Q:

How did New Jersey get its name?

A:

Quick Answer

New Jersey was named after the Isle of Jersey in the English Channel. This is due to British influence over the colonies in the early years of the United States. New Jersey was originally called New Netherlands and was renamed after the Dutch colonists lost the land to British colonists.

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How did New Jersey get its name?
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Full Answer

Many other states and places in the United States are also named after British commonwealths. Other states named after British commonwealths include New York, New Hampshire and Washington. Hundreds of cities in the United States were also named for English places, including Birmingham, Manchester, New London, Northumberland, Norfolk and Suffolk.

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    Is New Jersey a peninsula?

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    According to the New Jersey Environmental Health Association, New Jersey is a peninsula. New Jersey is separated on its west and south sides from Delaware and Pennsylvania by the Delaware Bay and Delaware River.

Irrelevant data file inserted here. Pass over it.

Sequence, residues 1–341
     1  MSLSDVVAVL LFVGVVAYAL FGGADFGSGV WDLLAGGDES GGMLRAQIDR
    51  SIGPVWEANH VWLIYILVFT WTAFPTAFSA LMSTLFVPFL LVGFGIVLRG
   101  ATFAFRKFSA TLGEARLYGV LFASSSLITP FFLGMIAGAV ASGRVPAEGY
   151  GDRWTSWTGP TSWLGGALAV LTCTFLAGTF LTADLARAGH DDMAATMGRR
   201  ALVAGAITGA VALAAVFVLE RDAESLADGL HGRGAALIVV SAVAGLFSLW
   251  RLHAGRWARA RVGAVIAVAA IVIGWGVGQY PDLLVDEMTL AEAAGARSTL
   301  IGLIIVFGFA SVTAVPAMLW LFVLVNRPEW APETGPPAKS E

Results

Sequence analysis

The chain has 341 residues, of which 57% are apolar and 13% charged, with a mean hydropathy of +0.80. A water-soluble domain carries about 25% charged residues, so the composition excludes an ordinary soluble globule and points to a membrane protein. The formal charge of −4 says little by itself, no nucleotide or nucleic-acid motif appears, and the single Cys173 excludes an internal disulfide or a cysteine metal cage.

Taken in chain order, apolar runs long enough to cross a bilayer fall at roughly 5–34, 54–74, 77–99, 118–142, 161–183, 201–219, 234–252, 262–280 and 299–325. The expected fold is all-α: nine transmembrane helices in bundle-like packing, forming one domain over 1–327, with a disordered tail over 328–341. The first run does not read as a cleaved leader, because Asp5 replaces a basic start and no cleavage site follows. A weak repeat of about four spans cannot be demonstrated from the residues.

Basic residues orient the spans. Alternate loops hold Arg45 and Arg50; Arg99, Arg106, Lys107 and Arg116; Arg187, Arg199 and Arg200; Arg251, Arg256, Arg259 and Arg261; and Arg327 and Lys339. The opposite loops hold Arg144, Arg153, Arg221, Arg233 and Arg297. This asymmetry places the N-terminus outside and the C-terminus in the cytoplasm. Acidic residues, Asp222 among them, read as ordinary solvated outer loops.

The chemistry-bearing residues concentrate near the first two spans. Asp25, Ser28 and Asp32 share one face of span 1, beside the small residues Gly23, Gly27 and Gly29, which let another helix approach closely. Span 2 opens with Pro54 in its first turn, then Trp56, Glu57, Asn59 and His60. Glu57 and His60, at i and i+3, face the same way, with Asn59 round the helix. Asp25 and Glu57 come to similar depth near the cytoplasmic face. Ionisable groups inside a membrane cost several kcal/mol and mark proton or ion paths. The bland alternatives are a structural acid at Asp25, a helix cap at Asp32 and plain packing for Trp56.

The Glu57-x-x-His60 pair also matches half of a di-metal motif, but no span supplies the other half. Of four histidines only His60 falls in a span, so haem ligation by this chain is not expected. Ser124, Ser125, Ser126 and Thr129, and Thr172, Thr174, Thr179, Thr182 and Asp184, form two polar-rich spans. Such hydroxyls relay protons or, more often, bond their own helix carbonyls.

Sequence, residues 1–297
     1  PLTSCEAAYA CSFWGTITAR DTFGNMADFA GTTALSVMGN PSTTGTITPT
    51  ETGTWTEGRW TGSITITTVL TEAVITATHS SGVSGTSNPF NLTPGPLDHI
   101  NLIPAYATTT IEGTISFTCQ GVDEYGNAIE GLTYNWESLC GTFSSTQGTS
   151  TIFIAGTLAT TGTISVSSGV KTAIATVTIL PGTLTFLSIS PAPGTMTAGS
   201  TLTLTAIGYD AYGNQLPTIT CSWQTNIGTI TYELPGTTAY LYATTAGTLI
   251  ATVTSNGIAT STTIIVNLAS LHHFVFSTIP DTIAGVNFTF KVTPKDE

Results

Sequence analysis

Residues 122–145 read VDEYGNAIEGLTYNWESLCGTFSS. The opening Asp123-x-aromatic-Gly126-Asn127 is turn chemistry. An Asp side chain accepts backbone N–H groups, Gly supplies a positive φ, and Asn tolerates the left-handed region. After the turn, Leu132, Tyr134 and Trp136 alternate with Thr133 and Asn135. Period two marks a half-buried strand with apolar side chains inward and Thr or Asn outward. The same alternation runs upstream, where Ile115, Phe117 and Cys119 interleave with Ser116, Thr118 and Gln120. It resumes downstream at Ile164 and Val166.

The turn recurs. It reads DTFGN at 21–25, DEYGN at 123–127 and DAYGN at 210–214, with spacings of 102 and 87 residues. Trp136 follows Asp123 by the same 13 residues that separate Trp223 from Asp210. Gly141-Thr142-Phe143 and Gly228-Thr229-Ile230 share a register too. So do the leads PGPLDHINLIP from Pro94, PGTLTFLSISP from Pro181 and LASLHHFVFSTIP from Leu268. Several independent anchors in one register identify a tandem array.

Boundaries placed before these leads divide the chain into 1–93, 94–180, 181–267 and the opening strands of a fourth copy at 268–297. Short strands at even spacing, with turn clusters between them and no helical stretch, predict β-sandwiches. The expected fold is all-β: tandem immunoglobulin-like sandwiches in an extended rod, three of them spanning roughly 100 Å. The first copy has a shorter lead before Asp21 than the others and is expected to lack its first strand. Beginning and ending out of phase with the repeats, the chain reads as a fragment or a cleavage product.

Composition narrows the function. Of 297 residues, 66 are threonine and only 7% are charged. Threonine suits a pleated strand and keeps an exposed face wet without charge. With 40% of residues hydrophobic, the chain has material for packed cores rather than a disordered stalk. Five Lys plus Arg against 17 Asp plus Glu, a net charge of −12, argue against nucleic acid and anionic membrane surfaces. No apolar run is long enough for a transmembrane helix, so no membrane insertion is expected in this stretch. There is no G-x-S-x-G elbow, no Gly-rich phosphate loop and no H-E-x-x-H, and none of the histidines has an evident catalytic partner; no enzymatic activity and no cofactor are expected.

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    What is a popular landform or area in New Jersey?

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    A popular area in New Jersey is the Coastal Plain, which constitutes most of the state's shoreline with the Atlantic Ocean. It is composed largely of white-sand beaches on the shore, with other lowland areas and swamps.

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    What are some interesting New Jersey facts for kids?

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    New Jersey is one of the original 13 colonies. The state was considered the "Crossroads of the Revolution" and was the site of more than 100 battles during the Revolutionary War. In 1758, the only Indian reservation in New Jersey was established for the Lenni-Lenape tribe. In 1801 the Indians sold the reservation to move north to live with relatives in New Stockbridge, N.Y.

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    How did Michigan get its name?

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    The state of Michigan is named after the Ojibwe Indian word "Michigama," which means "great lake" or "land surrounded by water." The Ojibwe were one of the eight Native American tribes to reside in present-day Michigan prior to colonization. Michigan's contemporary nickname, The Great Lake State, is a fairly accurate translation of the Ojibwe term.

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